Sunday, May 06, 2007

Sticker Shock at the Dollar Store

It took me a long time to set foot into the Family Dollar store that replaced the CVS in the Twin City plaza.

First of all, I was upset that the CVS moved to Route 22 in North Plainfield. I was used to buying all sorts of things there, just half a block from home. Furthermore, the idea of another “dollar store” coming in seemed like a step down for the plaza.

When I finally got around to looking inside, I was pleased to find quite a few bargains. The biggest one for me was $1 notebooks.

These notebooks made in India were similar to those I had been buying for decades to use as journals. Each kind had 80 pages, spiral-bound, but the ones I had been buying cost as much as $1.89. Having retired from the newsroom, I was not about to buy reporters’ notebooks, so the dollar store notebooks looked good for tasks such as taking notes at council meetings.

Imagine my surprise when I picked up three last week and they rang up at $1.69 each! I bought them, but I couldn’t get over the 69 percent price increase on a simple notebook. Searching out some old sales slips, I went back to ask for a refund, which I got.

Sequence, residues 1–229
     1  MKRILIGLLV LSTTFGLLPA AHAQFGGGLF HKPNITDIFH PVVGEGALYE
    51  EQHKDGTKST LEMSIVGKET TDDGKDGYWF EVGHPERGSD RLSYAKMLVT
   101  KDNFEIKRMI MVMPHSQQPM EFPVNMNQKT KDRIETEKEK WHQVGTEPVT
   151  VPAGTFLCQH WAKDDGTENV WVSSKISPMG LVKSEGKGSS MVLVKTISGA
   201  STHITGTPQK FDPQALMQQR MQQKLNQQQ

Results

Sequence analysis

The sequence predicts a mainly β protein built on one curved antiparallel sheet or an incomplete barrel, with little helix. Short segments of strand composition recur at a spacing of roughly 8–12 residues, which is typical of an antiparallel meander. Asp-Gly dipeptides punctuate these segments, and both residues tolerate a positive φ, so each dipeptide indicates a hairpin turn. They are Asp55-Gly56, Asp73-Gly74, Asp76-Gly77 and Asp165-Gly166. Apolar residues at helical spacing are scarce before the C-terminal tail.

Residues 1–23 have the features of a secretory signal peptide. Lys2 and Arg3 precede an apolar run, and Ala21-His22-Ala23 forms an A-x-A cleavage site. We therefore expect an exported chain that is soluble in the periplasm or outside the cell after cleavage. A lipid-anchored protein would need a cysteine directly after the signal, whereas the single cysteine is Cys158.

Still incredulous, I went to the Family Dollar on Front Street, only to find the same thing: $1 price on the shelf, $1.69 at the register. Again, I complained and got three books for $1 each. The cashier explained that the shelf price could not be changed until the company sent the new shelf signs.

Later, I received an e-mail from Family Dollar explaining that duty policies on imports and the cost of domestic paper pulp will result in price increases on paper products all around. Sad news for a notebook fanatic!

Maybe I will have to try what people did in World War II, scribbling in tiny script on every square inch of airmail note paper. But then my old eyes probably couldn’t read the notes later on. As it is, sometimes I can’t read my hasty normal-size handwriting.

I know for sure I won’t be buying the pricey Moleskine reporter’s notebook, cachet notwithstanding.

Hmm. I think a chunk of my next free-lancing check is going to go for a whole bunch of cheap notebooks.

--Bernice Paglia


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